Study Notes

Feminist Views on the Role of Education

Level:
A-Level
Board:
AQA, Edexcel, OCR, Eduqas

Last updated 26 Nov 2019

Feminist sociologists have large areas of agreement with functionalists and Marxists in so far as they see the education system as transmitting a particular set of norms and values into the pupils. However, instead of seeing these as either a neutral value consensus or the values of the ruling class and capitalism, feminists see the education system as transmitting patriarchal values.

For example, Heaton and Lawson (1996) argued that the hidden curriculum taught patriarchal values in schools. They noted traditional family structures in textbooks (along with many other gender stereotypes, subjects aimed towards specific genders, gender divisions in PE and sport and the gender division of labour in schools (predominantly female teachers and male managers).

Liberal feminists would point out these remaining issues of patriarchy in education while also acknowledging significant strides towards equality in the education system. In the 1940s and 50s, under the tripartite system, boys had a lower pass rate for the 11+ than girls (essentially institutionally failing girls in order to ensure more boys can succeed) and some subjects being specifically for one gender or the other used to be institutional rather than based on apparent preference. Today, once subjects become optional, there are quite clear gender preferences for one subject or another, but all subjects are open to all pupils. Perhaps the biggest change, since the 1980s, is that girls now outperform boys in education so if the system is a patriarchal one, designed to favour boys, it is singularly failing. However, Michelle Stanworth (1983), for instance, noted that there will still higher expectations of boys and teachers would be more likely to recommend boys apply for higher education than girls at the same academic level.

Radical feminists argue that the education system is still fundamentally patriarchal and continues to marginalise and oppress women. It does this through some of the processes already noted (reinforcing patriarchal ideology through the formal and hidden curriculum and normalising the marginalisation and oppression of women so that by the time girls leave school they see it as normal and natural rather than as patriarchal oppression). Radical feminist research has also looked at sexual harassment in education and how it is not treated as seriously as other forms of bullying (e.g. Kat Banyard, 2011).

Black and difference feminists point out how not all girls have the same experience in education and that minority-ethnic girls are often victims of specific stereotyping and assumptions. For example, teachers might assume that Muslim girls have different aspirations in relation to career and family from their peers. There have been studies of the specific school experiences of black girls, which we will consider in more detail in future sections.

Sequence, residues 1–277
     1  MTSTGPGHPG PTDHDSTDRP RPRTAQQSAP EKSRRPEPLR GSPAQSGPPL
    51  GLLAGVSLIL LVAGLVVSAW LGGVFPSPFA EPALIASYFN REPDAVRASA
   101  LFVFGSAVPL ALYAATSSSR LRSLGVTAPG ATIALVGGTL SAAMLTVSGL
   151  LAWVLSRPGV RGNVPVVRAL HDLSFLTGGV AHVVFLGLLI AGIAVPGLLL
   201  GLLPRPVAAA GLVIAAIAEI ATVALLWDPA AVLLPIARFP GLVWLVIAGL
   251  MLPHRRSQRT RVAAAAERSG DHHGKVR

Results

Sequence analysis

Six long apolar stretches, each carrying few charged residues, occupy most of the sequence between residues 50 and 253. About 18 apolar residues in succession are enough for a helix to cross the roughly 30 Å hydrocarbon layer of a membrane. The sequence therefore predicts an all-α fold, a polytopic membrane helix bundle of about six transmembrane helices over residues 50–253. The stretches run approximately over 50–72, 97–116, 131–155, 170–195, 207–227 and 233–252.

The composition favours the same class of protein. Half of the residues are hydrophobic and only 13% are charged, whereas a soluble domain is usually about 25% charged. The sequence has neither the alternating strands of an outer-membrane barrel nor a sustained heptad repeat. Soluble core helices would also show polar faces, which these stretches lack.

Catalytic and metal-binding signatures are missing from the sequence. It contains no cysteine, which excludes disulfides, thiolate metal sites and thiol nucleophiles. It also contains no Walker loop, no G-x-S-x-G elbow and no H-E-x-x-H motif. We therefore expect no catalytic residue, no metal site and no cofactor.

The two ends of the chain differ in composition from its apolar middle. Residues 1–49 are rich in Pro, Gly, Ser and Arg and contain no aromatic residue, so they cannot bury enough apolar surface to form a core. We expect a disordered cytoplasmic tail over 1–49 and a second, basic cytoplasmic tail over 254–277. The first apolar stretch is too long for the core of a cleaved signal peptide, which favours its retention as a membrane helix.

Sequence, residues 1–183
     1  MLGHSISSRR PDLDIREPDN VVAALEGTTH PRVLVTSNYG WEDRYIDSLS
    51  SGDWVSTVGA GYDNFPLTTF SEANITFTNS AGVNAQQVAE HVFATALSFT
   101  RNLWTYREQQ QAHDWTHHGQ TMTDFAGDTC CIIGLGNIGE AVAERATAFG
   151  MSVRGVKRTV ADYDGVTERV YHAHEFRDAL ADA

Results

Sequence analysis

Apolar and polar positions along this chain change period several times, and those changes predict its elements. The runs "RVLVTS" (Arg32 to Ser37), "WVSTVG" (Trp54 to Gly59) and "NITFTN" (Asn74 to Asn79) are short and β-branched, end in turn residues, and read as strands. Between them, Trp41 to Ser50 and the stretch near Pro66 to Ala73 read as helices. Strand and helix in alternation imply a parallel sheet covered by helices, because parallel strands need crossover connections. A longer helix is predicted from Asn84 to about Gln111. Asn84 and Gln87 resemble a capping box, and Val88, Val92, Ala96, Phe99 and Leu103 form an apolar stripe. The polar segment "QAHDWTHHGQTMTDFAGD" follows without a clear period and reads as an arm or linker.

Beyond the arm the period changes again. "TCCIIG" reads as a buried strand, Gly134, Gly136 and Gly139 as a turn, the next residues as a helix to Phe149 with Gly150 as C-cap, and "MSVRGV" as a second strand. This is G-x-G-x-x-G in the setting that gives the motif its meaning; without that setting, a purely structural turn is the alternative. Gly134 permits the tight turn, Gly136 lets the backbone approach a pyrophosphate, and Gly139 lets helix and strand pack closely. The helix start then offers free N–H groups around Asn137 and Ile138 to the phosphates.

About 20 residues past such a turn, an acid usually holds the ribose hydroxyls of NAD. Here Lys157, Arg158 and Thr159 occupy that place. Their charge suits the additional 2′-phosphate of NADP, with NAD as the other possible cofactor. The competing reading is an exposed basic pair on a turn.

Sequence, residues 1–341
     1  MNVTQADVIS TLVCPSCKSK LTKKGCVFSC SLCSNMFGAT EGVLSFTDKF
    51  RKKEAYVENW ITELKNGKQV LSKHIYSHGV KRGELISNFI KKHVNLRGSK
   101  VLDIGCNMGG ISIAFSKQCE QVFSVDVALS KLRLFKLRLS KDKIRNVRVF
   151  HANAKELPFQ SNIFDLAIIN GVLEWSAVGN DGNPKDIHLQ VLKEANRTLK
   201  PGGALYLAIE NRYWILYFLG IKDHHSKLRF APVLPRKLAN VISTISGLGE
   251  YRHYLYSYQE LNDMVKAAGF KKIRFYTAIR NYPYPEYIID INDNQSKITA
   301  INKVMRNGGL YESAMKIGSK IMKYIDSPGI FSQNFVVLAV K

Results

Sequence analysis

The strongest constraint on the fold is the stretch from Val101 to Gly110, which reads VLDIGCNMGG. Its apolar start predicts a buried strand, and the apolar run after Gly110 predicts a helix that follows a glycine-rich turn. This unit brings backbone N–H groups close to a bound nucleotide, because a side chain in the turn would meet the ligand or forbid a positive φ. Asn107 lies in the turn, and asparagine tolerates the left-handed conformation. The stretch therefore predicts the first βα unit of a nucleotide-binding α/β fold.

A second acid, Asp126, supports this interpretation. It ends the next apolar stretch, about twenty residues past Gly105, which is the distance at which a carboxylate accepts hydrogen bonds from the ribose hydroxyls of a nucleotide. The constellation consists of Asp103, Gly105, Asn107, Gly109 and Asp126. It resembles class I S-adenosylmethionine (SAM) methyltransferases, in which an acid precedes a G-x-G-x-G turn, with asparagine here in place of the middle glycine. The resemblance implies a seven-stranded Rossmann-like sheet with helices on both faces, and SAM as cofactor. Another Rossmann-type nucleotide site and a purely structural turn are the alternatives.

Where feminists acknowledge that there has been a great deal of improvement for girls in education, they would point to feminism itself as being one of the main reasons for this. Sue Sharpe (1996) found that London schoolgirls in the 1970s had completely different priorities and aspirations from similar girls in 1996. She found that while in the 1970s girls’ priorities were marriage and family, in the 1990s this had switched dramatically to career. While there are a number of potential reasons for this, legislative changes such as the 1970 Equal Pay Act and the 1976 Sex Discrimination Act are likely to have played their part, hence supporting a liberal feminist perspective).

What all feminists agree on is that the education system does work as an agent of secondary socialisation which teaches girls and boys what are seen as universal norms and values and gender scripts that are actually those of contemporary patriarchy and that girls and boys learning these values prevents social change and challenges to patriarchy.

Evaluating feminist views on the role of education

Two features of contemporary education, at least in the UK, which critics of feminist views on education often point out are: 1) education is an increasingly female-dominated sector (most teachers are women, an increasing number of managers are women because they are drawn from the available teachers) and 2) the education system is increasingly resulting in female success and male underperformance. If this is a system designed to ensure men are in the top positions in society and women are marginalised into a domestic role, then it would appear to be failing. The education system is sending more and more girls into higher education (Michelle Stanworth’s research on this is now out of date).

However, while there is clearly some truth in these criticisms, it is still clear that there is a glass ceiling and a gender pay gap so the education system might be creating lots of highly-qualified girls, they are still losing out to their male peers when it comes to top jobs and higher incomes. They are also still more likely to take time off for child-rearing, work part time and to carry out the majority of housework tasks. Feminists point out that the education system largely normalises this (alongside other agents of socialisation such as the family and the media) and so even highly-qualified women often accept this as inevitable or normal. At the same time men are socialised to also consider this normal.

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